Naturalist and broadcaster Ed Drewitt on how the changing colours of autumn can inspire kids to take note of nature.
On the weekend, the overhanging branches of a Japanese Maple tree at a popular arboretum (Westonbirt) provided the perfect den for some very young children. The tree, only a metre tall and sporting bright yellow leaves, cocooned the children with its upside-umbrella shape as a draping roof. As mum and dad watched with interest and took photos, the children, no older than three years old, were excitedly crouched in their hideaway.
This was just one of many family experiences I observed recently – hundreds of people from a variety of ages and backgrounds were heading out and enjoying the season. Autumn was transforming the green woodland into a palette of vibrant shades of the rainbow. Many had the deep hues of red wine; the yellows were as bright as a goldfinch; and the oranges and browns were crisp against the green grass and nearby oak trees, still to change colour.
It was fascinating to understand how, at this time of the year, so many people, in particular families with children under eleven and three-quarters, had felt compelled to forget the weekly shop and football, and spend Saturday afternoon out in the countryside, to see and smell autumn.
Children learn through touching and doing things – and autumn provides a perfect time for doing these things outside. Colours are attractive – if green was a rare colour the rest of the year, we would probably flock to it in the autumn. I think what engages children is that autumn is just outside their front door, whether they live in the middle of a city in a tower block or in a house in the countryside. They can see and smell it for real wherever they are.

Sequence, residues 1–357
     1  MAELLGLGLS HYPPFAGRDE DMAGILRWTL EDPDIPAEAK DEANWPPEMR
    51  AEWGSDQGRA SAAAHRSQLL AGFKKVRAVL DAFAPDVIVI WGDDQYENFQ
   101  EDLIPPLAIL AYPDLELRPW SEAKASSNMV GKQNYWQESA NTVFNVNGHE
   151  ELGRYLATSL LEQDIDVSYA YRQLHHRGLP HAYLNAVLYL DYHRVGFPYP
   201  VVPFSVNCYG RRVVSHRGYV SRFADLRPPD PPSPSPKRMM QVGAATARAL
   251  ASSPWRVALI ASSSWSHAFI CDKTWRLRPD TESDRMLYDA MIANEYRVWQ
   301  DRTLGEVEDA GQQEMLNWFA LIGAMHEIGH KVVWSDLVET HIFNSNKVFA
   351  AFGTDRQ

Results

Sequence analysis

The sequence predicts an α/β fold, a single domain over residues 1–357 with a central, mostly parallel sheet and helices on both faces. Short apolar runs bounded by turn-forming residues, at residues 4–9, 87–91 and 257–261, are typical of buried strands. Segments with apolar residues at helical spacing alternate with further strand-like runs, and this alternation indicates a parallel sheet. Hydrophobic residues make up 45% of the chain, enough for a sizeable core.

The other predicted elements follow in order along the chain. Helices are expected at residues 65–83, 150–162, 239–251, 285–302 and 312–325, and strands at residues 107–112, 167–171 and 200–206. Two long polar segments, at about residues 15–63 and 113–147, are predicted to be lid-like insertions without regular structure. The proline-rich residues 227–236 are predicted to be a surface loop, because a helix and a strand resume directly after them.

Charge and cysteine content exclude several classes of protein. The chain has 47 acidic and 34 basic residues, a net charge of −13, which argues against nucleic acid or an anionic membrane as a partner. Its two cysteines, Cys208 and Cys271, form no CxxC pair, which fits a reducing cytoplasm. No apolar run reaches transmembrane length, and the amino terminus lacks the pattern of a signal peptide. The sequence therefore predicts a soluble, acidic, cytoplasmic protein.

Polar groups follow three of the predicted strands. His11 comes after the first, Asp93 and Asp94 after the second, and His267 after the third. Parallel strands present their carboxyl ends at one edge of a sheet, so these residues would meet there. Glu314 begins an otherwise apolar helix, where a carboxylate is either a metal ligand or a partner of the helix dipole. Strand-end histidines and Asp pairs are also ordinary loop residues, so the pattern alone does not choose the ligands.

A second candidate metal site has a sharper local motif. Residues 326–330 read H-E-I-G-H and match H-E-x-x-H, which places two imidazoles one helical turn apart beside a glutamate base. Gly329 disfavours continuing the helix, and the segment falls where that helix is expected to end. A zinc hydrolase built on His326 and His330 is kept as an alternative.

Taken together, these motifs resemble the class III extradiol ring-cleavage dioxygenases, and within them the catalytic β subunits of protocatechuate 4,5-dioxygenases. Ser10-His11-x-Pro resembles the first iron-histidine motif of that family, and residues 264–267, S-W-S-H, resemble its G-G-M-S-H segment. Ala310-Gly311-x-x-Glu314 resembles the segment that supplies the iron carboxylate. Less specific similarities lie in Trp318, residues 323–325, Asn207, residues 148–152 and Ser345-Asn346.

It isn’t rocket science, but children relate best to things which are local and relevant to them. Whilst it is important they are aware of the things that are happening all around the world, children start off learning about themselves, then their community and as they head towards ten and eleven, they understand the wider world. Talking about a bird or an animal that lives thousands of miles away will have much less resonance than the fox, herring gull or trees they see outside their window or school classroom.
And autumn is just the same – whilst many children may not have opportunities to visit arboretums, they will have trees down their road or somewhere nearby. They will still be able to observe the change in colours, smell the autumn odours as leaves decay, and lift up a handful of leaves and let them drop them over them or their sibling.
The more local and relevant we can make things for children, the more likely they are to take note, engage and get out and experience things for real such as the trees, dens and mud. It makes for a sensory adventure.
Ed Drewitt is a naturalist and broadcaster who has been working to engage children and families with nature for more then 10 years through the RSPB, Bristol City Museum & Art Gallery and the University of Bristol. Follow him on Twitter @eddrewitt
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